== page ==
... is quiet, apart from the families enjoying the temporary ice rink set up beside the Rathaus. Otherwise, the streets are quiet, the shops are shut, and the mountains (all around us) are mysteriously invisible. We saw them in all their glory earlier today, with orographic cloud coming and going over their summits and ridges. From our room at the Landhaus am Giessen (on Zollstraße) we can see Vaduz' floodlit royal castle perched on its cliff, and the surprisingly British-looking cathedral spire in the middle distance.
We had a wonderful time travelling here this morning. Breakfast with a Gipfeli at the little coffee shop near our hotel in Zofingen, then we were on the platform at 9:30 waiting for our train to Olten. At Olten we transferred straight to the busy Zürich train, changed platforms, and again with no waiting got straight onto another train, a few platforms away, destination Budapest. This was an Austrian (ÖBB) train, that was to drop us at the town of Sargans in eastern Switzerland, the other side of the Zürchersee and the Walensee and several chains of mountains. The ride took us past vineyards and close to the lakes' edge, with their poplars and weeping willows, across the flat, green valley floors and through long tunnels. The views, with clouds clinging to the cliff-faces and snowy mountain ridges, were spectacular. Elsewhere the sky was blue. The trees on the mountainsides were still golden-brown for autumn, although we have now reached December 1st.
Again, at Sargans, no waiting. Off the train, down the slope, up the other slope and round the corner of the railway station to the bus station, where the lime green No. 11 was waiting to leave for Feldkirch, in Austria. Our tickets bought at Zofingen covered this part of the journey too. It was a half-hour ride on the bus to Vaduz, at the half-way point of the bus route. We weren't sure of the correct stop for our lodging---now realise it should have been Vaduz-Au---so got out at Vaduz-Post where the postage stamp museum is, and the other museums in town. It is a fairly small capital city, with fewer than 9000 inhabitants all told. The state of Liechtenstein itself is only 24 km long and 12 km wide. We entered it over the bridge to Balzers (which also has a prominent castle); the bridge crosses the Rhine. This is the Rhine in its young stage, of course, not much water in it, and what water there is is a glacial blue, meandering among the white pebbles. It originates in the high land of Graubünden / Grissons where the locals call it the Rein da Tuma, in the Romantsch language. I have only just learned this.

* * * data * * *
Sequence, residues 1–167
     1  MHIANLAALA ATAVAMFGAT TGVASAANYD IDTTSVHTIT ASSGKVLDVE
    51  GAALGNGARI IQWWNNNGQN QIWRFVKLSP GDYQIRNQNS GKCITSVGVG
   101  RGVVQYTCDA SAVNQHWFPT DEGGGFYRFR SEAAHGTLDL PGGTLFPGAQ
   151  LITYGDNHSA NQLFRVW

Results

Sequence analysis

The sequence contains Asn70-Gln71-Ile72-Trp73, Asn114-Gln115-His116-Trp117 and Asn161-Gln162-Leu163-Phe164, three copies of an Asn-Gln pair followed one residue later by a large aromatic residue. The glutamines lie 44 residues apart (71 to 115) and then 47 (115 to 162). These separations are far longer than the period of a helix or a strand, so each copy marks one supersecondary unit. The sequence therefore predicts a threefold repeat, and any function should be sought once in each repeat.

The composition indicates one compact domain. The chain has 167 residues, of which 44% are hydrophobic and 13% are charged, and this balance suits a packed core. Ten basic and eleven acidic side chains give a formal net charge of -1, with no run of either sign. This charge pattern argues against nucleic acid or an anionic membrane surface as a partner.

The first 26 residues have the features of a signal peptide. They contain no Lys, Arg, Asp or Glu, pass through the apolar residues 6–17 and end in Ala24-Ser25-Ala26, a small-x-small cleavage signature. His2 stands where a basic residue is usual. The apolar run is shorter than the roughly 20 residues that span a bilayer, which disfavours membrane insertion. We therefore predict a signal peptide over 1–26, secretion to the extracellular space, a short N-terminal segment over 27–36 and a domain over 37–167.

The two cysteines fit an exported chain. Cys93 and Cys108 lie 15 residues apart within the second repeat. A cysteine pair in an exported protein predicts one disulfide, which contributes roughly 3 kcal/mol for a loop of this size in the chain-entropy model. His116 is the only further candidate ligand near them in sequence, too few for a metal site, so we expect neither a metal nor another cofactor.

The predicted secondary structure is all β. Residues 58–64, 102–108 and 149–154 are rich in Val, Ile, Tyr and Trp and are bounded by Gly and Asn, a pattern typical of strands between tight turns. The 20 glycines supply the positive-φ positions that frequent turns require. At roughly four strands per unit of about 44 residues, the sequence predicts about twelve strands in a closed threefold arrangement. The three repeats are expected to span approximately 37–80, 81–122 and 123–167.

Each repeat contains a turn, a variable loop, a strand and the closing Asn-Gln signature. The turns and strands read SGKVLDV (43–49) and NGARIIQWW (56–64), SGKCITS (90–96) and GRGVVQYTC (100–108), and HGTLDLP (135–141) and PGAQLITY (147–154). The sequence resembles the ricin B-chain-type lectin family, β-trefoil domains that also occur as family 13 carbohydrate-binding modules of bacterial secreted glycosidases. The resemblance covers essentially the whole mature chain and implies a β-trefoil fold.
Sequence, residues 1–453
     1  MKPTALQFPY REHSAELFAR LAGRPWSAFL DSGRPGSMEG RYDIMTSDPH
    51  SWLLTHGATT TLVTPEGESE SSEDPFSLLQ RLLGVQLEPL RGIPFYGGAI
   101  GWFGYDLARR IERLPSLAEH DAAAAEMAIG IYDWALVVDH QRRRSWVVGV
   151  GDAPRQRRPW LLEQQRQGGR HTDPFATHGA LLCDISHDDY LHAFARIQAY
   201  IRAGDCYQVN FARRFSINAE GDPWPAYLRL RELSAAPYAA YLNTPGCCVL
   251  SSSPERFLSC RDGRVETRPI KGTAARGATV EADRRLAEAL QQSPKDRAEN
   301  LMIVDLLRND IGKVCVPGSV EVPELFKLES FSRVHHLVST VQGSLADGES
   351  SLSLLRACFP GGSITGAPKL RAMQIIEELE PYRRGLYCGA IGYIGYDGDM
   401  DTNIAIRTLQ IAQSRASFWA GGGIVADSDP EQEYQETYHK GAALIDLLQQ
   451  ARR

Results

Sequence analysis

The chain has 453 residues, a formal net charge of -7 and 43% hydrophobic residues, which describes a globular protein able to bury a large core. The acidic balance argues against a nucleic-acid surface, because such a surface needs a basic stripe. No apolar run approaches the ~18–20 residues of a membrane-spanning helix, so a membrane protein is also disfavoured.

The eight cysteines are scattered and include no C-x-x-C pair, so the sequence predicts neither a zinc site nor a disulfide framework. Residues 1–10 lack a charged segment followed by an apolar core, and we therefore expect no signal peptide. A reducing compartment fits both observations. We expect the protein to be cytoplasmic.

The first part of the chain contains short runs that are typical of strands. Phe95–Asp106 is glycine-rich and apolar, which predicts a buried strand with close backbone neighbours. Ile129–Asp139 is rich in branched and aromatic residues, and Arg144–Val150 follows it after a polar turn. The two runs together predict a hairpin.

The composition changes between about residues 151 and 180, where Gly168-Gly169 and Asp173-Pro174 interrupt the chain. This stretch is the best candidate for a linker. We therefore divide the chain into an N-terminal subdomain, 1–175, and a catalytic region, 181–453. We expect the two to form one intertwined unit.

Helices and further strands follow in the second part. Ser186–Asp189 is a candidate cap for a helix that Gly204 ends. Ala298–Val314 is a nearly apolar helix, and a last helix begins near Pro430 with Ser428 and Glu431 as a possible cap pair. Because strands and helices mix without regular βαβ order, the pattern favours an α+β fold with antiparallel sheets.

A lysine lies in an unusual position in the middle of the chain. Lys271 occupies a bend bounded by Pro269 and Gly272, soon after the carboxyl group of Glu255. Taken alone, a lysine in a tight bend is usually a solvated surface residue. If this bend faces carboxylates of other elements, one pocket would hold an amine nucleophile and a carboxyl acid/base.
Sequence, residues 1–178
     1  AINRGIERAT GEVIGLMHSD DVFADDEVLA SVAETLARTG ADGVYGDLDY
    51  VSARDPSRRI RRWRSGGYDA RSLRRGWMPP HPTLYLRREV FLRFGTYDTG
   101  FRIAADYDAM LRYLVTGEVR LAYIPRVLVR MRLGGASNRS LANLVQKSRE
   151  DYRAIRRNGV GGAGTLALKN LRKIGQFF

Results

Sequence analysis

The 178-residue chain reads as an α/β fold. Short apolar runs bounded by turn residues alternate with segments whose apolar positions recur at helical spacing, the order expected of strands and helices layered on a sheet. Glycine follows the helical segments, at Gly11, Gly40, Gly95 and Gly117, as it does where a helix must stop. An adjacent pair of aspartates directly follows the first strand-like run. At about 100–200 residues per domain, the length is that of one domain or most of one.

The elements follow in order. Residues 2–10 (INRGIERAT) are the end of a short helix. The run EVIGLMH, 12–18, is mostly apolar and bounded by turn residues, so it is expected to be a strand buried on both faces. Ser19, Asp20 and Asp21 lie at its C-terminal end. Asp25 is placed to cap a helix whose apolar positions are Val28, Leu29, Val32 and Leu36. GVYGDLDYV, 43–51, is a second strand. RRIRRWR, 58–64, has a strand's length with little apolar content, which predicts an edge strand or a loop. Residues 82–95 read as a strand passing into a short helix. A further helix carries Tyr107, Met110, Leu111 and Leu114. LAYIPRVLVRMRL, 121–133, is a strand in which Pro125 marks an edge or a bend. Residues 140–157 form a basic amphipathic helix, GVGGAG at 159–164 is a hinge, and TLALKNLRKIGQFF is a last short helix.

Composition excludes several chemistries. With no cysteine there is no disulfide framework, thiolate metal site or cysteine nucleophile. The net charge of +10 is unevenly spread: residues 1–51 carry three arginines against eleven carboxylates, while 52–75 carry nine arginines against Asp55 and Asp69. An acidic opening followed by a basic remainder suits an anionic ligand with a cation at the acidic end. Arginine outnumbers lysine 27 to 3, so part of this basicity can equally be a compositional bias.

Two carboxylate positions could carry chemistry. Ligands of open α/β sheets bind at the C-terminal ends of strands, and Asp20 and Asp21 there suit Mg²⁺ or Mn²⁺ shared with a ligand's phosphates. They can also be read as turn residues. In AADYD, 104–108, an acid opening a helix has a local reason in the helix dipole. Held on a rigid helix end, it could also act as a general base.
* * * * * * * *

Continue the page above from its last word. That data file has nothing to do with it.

This afternoon, after finding sandwiches in a café and trundling our luggage a kilometer back along the main road to our guest house, we checked in, left the bags in our room, and walked down to the River Rhine / Rhein / Rhin / Rein / Reno where there was a covered wooden bridge crossing it, not fit for motor vehicles, although you could probably drive a horse and cart through, or ride bicycles abreast. Half way over the bridge a line was drawn on the wall where Chris stood with one foot in Switzerland and one in Liechtenstein. I imagine a lot of people do that. A footpath called the Alpenrheinweg follows the bank on the Swiss side, with plaques about the local wildlife, etc., along it.
Having enjoyed that short walk, watching a paraglider soar slowly down the mountainside to land in a nearby field (others followed later), we left Switzerland behind again and took other footpaths round the back of town, following a stream, the Au, into the centre again. On the other side of the town is a large field with rows of vines, the Prince's royal vineyard, with what looked like very healthy plants. Every few rows, an illustrated information board described what needed to be done in the vineyard, month by month. I took a photo of the April board, but while reading the information my attention was wandering to the irresistible views of the mountains on the horizons of both countries, changing at every moment as the grey, or white or misty clouds formed and dissipated and the sun's dazzle moved from one direction to another. We went up another side of the vineyard to the Mitteldorf above it, an older part of the town, just a small village really, where there were old wine presses in people's gardens. One little cottage had sky-blue shutters, geraniums flowing over the upper window boxes and a vine curling up its whitewashed walls. What an idyll.
On the way "home" to our guest house, Chris got me to poke my head through one of those cardboard people's head holes, so that he could take a photo of me wearing a Liechtenstein dirndl.
We found another pizzeria for supper this evening. Chris ordered his usual cheese-free pizza and I had an Italian omelette, this time. To drink, we ordered a Liechtenstein brew of beer, very smooth, because the restaurant didn't stock any of the local wines. Maybe the Prince keeps all those for his own Hofkellerei.